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Re: Refurbished Berlin Brachiosaurus Mount



This is becoming tedious, Mike, but it is probably worth responding to the DML.

First, you wrote in response to Jaime:

On Jul 19, 2007, at 1:08 AM, Mike Taylor wrote:

Jaime A. Headden writes:
Aside from the shoulder being 6m up, the head [of Brachiosaurus
brancai] is positionable at 9m IN ANY DIRECTION from the core of
the body, including parallel to the ground. This does not require
it to be vertical or even semi-vertical.

Of course. I am not aware that _anyway_ has ever argued that Brachiosaurus was incapable of lowerig its neck to a horizontal position! The question is whether it _all_ it could do, as Kent asserts.

That last sentence of yours is ungrammatical, namely: "The question is whether it _all_ it could do, as Kent asserts." I hope you are not suggesting that I am claiming that Brachiosaurus was incapable of a reasonable range of dorsiflexion as well as ventriflexion. But to ward off such a suggestion (and since it takes a lot of work to correct misconceptions once they get out there, as in non-refereed DML postings), let me quote two papers where what we put in writing asserts what we meant to assert.


First, regarding neck ventriflexion of Brachiosaurus, Mike Parrish and I wrote in our chapter in the Curry Rogers and Wilson (2005) volume "Brachiosaurus could readily reach down to ground level (without the need to splay its legs giraffe-style), provided it had the modest ability to flex about 8 degrees ventrally in the proximal cervical vertebrae" (p. 194), written in the context of discussing overlap in vertical feeding envelopes across sauropod taxa.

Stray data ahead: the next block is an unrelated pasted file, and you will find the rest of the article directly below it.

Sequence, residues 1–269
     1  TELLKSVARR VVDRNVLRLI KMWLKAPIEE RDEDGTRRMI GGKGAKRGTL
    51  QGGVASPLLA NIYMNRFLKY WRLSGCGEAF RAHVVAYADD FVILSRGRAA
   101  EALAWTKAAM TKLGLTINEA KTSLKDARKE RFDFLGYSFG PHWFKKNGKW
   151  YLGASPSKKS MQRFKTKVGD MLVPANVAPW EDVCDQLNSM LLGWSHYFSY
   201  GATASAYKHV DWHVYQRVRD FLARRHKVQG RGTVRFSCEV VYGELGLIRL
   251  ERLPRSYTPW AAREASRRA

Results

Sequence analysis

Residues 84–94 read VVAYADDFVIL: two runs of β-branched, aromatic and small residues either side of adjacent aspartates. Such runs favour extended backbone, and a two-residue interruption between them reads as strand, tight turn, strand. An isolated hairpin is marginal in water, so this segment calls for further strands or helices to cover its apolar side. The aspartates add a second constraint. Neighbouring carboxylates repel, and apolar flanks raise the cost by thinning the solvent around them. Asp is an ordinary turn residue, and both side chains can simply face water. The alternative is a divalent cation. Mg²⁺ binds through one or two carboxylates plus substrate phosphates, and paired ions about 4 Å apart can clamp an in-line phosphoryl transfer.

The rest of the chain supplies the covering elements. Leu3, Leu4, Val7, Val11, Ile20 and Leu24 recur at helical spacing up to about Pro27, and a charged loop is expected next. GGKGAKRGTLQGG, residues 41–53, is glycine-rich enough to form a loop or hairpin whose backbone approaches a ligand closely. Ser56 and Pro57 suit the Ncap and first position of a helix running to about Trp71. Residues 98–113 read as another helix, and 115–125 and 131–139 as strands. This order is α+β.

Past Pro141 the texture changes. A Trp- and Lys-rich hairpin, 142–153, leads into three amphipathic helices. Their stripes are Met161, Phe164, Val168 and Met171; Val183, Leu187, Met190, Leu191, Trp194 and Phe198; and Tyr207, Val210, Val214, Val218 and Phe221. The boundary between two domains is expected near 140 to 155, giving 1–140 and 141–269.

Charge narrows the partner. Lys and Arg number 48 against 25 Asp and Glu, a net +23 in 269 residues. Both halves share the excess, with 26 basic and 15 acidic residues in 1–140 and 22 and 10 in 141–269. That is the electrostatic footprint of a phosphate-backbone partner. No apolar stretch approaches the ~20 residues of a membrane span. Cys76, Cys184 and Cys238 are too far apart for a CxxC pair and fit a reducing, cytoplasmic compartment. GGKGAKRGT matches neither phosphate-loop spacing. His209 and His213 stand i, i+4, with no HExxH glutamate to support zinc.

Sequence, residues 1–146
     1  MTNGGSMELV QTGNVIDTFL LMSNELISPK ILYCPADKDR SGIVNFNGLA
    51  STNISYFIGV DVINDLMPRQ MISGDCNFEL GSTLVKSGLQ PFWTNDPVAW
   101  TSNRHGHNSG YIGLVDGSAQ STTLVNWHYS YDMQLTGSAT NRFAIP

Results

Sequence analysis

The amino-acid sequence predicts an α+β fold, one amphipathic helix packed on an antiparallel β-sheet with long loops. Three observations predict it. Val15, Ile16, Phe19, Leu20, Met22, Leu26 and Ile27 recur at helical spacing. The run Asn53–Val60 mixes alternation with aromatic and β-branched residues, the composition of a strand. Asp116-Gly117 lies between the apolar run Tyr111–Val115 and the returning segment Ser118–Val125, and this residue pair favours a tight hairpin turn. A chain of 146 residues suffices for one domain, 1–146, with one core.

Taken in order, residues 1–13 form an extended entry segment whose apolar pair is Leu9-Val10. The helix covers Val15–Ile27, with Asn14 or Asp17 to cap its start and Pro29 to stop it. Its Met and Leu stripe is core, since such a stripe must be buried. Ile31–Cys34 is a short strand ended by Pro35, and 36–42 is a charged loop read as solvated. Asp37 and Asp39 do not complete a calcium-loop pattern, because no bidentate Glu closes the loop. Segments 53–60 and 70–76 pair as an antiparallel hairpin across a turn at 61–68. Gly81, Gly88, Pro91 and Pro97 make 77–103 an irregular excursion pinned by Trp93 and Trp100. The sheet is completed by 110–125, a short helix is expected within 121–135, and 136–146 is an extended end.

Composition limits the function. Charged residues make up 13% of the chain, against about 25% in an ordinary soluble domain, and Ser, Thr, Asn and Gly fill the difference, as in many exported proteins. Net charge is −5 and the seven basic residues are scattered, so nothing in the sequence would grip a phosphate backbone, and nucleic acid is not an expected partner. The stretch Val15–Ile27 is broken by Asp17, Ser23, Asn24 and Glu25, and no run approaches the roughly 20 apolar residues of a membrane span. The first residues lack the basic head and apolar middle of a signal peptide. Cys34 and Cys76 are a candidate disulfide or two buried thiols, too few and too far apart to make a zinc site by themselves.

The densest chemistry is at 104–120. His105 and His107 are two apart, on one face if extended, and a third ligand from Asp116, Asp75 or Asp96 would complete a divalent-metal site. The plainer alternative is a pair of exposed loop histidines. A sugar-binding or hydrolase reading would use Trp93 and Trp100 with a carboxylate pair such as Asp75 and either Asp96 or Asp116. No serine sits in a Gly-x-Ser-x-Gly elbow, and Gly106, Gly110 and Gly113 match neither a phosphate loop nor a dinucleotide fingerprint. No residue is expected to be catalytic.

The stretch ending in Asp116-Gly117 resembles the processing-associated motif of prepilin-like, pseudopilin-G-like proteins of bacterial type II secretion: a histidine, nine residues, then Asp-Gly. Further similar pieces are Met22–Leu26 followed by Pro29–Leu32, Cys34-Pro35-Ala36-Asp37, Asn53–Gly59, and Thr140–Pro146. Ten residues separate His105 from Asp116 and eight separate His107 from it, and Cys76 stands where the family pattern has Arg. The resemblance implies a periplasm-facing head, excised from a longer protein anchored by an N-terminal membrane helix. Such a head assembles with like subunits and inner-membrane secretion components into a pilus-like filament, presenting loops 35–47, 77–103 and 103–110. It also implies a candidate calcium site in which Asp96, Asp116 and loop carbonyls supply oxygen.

Second, regarding neck dorsiflexion of Brachiosaurus, Mike Parrish and I wrote in another sauropod book, the Tidwell and Carpenter (2005) volume, that "While the range of dorsoventral movements cannot be estimated due to the lack of preservation of the neural arches, the head could reach over 9 m above ground level with a modest dorsiflexion of approximately 3 degrees per joint" (p. 220) We go on to conclude (p. 221) "It is not necessary to postulate osteological adaptations, such as wedge-shaped centra, for Brachiosaurus to have reached remarkable heights and to achieve a huge feeding envelope, ..."

Got the idea? What Mike Parrish and I have written amounts to saying: we envision no flexibility problem to prevent its head from ranging from ground level (with a lot of competitive overlap with the feeding envelopes of other sauropods such as camarasaurids, btw) up to 9 m or so, which covers the great majority of all fodder. Once again now: even if Brachiosaurus could raise its neck but a few degrees dorsally it could reach 9 m.

But any scientific estimation of the range of motion will require a specimen with intact neural arches. In the meantime, I hope people stop suggesting that my colleague and I are saying things we never did, such as "Diplodocus could not raise its neck" or (if my reading of the above sentence is right) "Brachiosaurus could only lower its neck". It doesn't serve any useful purpose that I can see for people to trivialize work that has been carefully pursued and presented to the scientific community with due caution and caveats.


The same is true for giraffes, which do not hold their necks vertically (at least passively as extensively illustrated and characterized for the bulk of sauropods).

I've often seen this asserted, to the point where it now seems like orthodoxy. But whenver I see giraffes in a zoo, they are standing
with their necks near-vertical.

Mike, it might appear as "orthodoxy" to you when you see it informally cited, but it is the result of scientific observations, not just Sunday afternoon trips to the zoo. I point you to (Leuthold and Leuthold, 1972; Pellew, 1984; Young and Isbell, 1991, Woolnough du Toit, 2001). You can find these references in "Digital reconstructions of sauropod dinosaurs and implications for feeding", Kent A. Stevens and J. Michael Parrish, pp. 178-200, in The Sauropods: Evolution and paleobiology, 2005 Kristina A. Curry Rogers and Jeffrey A. Wilson, eds. Berkeley and California: University of California Press, 349 pp.







_/|_ ___________________________________________________________________
/o ) \/ Mike Taylor <mike@indexdata.com> http:// www.miketaylor.org.uk
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